But what if you are at your camping site and a bear shows up? First thing to do is stop and look around. Do you notice any cubs in the vicinity? If not, that’s a good sign—a bear with cub(s) can be much more aggressive than one flying solo. Think about what you have with you. For example, if you have some pots and pans nearby you could start smacking them together loudly to make a bunch of noise, or even yell, “Get outta here!” Often times, bears will be dissuaded by the noise and get out of dodge. Observe their reaction to your action. Is the bear moving away or coming closer? Is it popping its jaws and huffing? If so, it’s time to move on to plan B. If you are carrying bear spray, now would be a good time to have it at the ready. If the bear keeps moving in closer and closer, be prepared to use it. If the bear sneaks off, that’s a good sign, however, that doesn’t mean that you should let your guard down. Plan ahead and think of what you can do if the bear comes back.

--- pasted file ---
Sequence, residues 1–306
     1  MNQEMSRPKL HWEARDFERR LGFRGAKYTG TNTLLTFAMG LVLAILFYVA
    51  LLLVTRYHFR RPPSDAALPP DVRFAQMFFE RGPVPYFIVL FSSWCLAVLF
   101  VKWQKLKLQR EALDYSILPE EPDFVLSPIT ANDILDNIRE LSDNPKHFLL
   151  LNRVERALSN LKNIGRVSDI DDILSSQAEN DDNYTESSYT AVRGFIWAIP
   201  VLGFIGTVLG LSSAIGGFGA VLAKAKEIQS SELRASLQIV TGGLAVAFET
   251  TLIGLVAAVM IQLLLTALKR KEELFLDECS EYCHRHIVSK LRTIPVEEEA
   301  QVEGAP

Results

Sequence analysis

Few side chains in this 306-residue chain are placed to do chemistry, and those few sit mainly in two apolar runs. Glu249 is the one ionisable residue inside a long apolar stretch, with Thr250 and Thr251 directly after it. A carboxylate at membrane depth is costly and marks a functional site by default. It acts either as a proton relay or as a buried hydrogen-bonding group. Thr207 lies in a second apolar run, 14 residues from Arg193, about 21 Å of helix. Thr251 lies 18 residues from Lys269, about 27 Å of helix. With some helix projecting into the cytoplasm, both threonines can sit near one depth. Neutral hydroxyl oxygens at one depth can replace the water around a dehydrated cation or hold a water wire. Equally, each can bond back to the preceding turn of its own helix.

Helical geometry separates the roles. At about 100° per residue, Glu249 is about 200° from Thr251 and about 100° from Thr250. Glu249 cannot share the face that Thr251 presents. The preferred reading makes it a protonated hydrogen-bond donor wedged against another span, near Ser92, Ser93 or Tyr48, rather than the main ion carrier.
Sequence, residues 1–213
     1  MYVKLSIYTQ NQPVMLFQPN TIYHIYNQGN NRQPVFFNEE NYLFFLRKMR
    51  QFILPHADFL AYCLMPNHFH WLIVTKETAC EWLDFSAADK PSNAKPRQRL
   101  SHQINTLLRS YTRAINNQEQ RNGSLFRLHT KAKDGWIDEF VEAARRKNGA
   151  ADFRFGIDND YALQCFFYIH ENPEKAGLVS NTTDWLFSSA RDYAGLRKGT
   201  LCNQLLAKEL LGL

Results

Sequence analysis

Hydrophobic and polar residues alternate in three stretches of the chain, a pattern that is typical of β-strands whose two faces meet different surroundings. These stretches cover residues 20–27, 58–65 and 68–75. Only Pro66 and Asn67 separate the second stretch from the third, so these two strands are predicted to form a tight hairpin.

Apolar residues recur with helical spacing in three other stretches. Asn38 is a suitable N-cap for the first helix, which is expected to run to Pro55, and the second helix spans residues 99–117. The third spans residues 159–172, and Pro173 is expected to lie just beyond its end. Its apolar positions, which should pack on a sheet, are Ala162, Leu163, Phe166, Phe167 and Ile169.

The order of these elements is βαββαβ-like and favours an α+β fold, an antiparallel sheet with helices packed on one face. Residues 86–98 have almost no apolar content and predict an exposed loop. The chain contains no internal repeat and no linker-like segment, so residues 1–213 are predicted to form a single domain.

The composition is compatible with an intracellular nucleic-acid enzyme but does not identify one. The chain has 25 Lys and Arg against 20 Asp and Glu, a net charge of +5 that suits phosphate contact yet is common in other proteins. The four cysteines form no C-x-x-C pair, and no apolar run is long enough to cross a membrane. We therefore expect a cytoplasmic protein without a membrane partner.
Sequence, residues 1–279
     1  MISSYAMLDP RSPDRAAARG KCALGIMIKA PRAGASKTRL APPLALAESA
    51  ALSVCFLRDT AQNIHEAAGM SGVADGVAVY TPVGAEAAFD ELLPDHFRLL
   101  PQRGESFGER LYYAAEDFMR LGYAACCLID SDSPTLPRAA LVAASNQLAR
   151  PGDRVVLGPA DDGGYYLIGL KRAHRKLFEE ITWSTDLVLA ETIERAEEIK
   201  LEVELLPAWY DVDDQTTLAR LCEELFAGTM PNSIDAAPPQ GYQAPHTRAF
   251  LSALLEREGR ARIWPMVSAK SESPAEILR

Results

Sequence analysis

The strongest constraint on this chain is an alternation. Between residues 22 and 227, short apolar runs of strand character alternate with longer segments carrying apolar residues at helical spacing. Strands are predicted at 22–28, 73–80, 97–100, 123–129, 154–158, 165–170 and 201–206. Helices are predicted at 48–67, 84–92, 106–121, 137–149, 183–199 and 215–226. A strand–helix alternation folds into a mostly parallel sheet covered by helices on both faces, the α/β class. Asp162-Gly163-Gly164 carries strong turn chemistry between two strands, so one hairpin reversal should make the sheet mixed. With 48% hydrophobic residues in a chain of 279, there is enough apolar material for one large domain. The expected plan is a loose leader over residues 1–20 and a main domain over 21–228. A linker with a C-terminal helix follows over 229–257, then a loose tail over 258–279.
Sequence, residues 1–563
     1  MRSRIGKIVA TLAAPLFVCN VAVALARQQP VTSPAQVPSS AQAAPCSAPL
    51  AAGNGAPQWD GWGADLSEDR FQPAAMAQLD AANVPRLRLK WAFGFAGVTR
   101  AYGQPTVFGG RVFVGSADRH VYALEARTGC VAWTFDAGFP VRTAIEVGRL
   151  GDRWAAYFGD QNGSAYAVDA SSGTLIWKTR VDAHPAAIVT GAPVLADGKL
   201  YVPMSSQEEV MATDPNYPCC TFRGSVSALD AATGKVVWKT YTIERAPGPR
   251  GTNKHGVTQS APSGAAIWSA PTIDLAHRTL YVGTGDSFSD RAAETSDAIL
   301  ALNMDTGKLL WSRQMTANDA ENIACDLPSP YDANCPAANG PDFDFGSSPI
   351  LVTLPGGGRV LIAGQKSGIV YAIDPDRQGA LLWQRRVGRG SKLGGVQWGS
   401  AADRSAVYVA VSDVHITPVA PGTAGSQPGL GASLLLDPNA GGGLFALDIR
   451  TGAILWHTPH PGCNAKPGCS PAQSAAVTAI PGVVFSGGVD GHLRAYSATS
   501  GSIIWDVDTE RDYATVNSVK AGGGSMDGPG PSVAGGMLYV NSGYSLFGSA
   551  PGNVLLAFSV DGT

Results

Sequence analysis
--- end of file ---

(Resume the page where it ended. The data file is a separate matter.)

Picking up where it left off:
Setting a Perimeter
If you are especially scared of bears, you can always try to help keep yourself alerted in the event that one sneaks in during the middle of the night. One technique would be to get a bunch of the bear bells mentioned earlier (or any bells for that matter) and a bunch of twine or 550 cord. Use the line to make a perimeter around your safe zone and place the bells at each one of the four corners. String the line up about 2-3 feet off of the ground. If anything large comes into contact with the line, the bells will sound alarming you of a visitor.
Keep Your Site Clean
The following list of tips is important in helping to maintain not only a bear-free site, but help keep any animals away. While it may not work 100% of the time, proactive steps now are better than reactive steps later.